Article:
A two-judge panel meeting for the 4th Circuit U.S. Court of Appeals rejected yesterday a bid by defense lawyers to overturn the convictions of two men in a murder-for-hire case that involved one of Baltimore's biggest drug dealers and which symbolized troubles with city courts.
An attorney for one of the suspects, Solothol "Itchy Man" Thomas, a West Baltimore hit man who had avoided convictions in several cases because of police errors and reluctant witnesses, said he would most likely appeal to the U.S. Supreme Court.
Noting the appeals court's decision was made without hearing oral arguments, Thomas' lawyer, Arcangelo M. Tuminelli, said he was "kind of disappointed" that he didn't get a chance to argue before the panel. "I am almost certain that we will pursue further relief," he said.
Tuminelli can ask the court to reconsider its opinion, plea for a hearing before the full court or appeal to the nation's highest court, which he said will be the most likely option. The appeals court's six-page opinion is unpublished, meaning it sets no precedent.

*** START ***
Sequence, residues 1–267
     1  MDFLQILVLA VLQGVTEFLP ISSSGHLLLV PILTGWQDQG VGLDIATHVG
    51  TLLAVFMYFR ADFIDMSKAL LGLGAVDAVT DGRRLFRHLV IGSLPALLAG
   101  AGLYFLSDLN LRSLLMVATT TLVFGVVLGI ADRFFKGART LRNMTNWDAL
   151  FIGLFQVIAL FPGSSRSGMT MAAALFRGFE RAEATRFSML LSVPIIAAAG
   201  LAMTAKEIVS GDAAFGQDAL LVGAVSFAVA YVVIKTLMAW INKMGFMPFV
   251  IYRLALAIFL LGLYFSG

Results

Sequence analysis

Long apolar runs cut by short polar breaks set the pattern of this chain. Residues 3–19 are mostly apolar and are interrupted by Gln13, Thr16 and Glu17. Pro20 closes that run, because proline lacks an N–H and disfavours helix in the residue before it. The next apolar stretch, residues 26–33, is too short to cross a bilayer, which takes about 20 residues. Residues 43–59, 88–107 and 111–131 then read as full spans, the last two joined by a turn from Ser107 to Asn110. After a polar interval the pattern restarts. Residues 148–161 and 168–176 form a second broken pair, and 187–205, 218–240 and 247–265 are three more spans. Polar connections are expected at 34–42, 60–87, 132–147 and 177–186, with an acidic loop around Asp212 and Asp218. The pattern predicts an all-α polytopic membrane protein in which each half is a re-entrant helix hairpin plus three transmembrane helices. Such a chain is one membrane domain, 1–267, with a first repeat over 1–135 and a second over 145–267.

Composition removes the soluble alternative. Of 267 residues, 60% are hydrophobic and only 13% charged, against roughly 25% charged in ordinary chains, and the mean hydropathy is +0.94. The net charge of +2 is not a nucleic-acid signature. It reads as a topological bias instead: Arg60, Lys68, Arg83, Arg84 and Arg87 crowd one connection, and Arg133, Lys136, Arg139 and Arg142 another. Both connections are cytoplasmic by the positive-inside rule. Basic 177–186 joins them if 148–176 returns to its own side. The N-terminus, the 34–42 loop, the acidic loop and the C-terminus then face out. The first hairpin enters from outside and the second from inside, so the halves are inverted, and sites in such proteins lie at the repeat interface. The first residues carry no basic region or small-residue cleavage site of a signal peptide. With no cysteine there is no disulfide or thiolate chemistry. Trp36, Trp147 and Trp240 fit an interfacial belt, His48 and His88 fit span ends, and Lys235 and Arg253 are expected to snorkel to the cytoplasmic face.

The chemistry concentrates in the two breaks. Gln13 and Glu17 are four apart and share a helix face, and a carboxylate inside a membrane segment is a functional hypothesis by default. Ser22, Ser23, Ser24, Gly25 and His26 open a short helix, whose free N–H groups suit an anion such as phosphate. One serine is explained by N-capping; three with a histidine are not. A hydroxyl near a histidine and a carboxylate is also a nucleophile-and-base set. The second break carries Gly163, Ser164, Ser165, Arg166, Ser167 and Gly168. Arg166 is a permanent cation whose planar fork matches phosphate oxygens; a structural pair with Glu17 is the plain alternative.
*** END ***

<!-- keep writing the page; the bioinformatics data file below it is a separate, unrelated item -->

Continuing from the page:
Thomas and Eduado Shawan Countess were convicted in federal court of conspiracy to commit murder and using a gun in a crime of violence, which carry mandatory life sentences. Thomas and Countess shot a Milford Mill man 15 times in 2001 in a murder-for-hire plot. The victim had robbed their drug organization in 1999.
In 2002, Thomas became a subject of a report in The Sun, "Justice Undone," a series of articles that noted his past successes in avoiding convictions. He became a symbol of a dysfunctional criminal justice system and, upon his later conviction on the federal charges, an example of how law enforcement can bring down big players in the city's drug trade.
Tuminelli's appeal of the conviction is based on his contention that the trial judge erred by giving jurors an extra instruction during their deliberations as to whether the use of a vehicle during the killing allowed the government to invoke the interstate commerce clause, giving it jurisdiction over the case.
Tuminelli argued that the instructions on the car "shifted the entire focus of the case and we were caught off-guard." Previously in the trial, arguments had centered on whether the defendants' use of telephones was sufficient to provide federal jurisdiction.
The court disagreed with the defense, writing that the interstate commerce clause was satisfied "by the use of either vehicles or telephones, and the government went on to detail the significant role that the Jeep Cherokee played in the murder-for-hire scheme."